Bonjour, mes amis ! This week is for lovers of food and design alike! I recently learned that one of my college classmates, Simran Thadani, was named executive director of an amazing design resource in San Francisco called Letterform Archive. Tucked away in a quiet corner of the city, the luminous space of the Archive occupies the former residence of its founder, Rob Saunders, and then some.
Simran greeted me one sunny afternoon, breezing past the collection of black-light posters from the famed Fillmore and shelves full of clothbound books. Bella, Rob Saunders’s dog, pranced around us excitedly before finally settling for some back rubs.
As one can devise from its name, Letterform Archive is meant to be a resource to anyone in the lettering arts. Visitors can consult and touch even the oldest works. The Archive’s main reading room houses 15,000 items, while the next door annex houses the Tholenaar collection of type–another 15,000 items! Just about any day of the week, visitors and researchers can browse the collection free of charge—and they do. The Archive hosts lectures and weekend workshops, and has a certificate program with Cooper Union in New York. Along with these ambitious undertakings, the Archive is buoyed by a growing number of admirers worldwide.
I asked to see food-related works in the collection, so Simran set aside a number of items, all of them amazing. We began with some extraordinarily detailed, hand-painted food labels. Simran explained that they dated from the 1920s and 30s, and were drafts. After being finalized, color plates would be made so these designs could be printed. The Archive has searched for these final printed labels without luck, so these versions might be the only left for us to know.
From there, we moved to a stunning collection of recipes written by Alice Waters and illustrated by David Lance Goines. The collection was first published in 1968, with proceeds going to fund Goines’s printing press and Chez Panisse. I loved the whole wheat bread recipe’s design with its repeated wheat pattern, but there was also a charming paella recipe adorned with crabs, chicken biryani decorated with marguerites, and others.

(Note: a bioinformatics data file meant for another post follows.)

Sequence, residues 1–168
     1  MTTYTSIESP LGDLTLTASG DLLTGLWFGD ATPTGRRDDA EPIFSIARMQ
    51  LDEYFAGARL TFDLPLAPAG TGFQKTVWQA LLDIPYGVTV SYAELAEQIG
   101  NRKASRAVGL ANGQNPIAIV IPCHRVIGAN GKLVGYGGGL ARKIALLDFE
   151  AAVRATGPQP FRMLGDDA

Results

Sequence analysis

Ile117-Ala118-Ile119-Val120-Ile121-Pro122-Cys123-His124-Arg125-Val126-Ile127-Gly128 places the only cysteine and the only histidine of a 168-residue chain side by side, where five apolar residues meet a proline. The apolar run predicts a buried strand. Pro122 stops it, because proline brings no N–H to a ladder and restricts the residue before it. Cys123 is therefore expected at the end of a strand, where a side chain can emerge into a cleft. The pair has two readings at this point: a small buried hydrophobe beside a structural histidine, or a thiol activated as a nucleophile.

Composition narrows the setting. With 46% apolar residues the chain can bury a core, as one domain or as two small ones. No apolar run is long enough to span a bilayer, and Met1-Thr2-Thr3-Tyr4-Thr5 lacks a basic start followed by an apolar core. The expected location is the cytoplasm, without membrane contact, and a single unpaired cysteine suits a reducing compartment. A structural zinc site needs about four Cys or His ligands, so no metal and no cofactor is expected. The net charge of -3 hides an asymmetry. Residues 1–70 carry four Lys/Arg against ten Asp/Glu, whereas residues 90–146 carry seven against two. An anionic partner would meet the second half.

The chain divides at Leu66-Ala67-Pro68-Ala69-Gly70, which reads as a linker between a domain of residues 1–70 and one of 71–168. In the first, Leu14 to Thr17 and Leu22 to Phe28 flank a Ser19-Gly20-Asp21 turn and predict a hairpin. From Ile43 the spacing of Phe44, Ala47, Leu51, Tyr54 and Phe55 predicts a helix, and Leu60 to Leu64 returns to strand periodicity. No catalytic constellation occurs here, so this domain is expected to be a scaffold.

If you can tear yourself away from food for a bit, there are antique printed materials there for the exploring! One Dutch letterpress printing from 1846, meant to celebrate the printing trade, featured repeated iterations of different decorative typographical ornaments. It was so detailed, we both took a few extra moments to admire the skill involved in its making.
Simran continued to lay mountains of material before me. There were steamer trunk stamps from the beginning of the 20th century, which allowed travelers to show off their worldliness (and for hotels to get some marketing in), menus from special meals, typeface specimen books meant to demonstrate different typefaces available for purchase, and I can’t remember what else.
Some of the most beautiful pieces we looked at were penmanship instruction books. Overflowing with curlicues and ornamentation, I’m not sure how practical they were, but I loved leafing through the pages.
If you’re in need of some inspiration, love the printed word, or just want to see something super cool, come visit Letterform Archive!
Thanks so much, Simran, for showing me around! Follow Letterform Archive’s Instagram account for updates!
Thanks so much for reading! If you want more, go follow my Instagram account!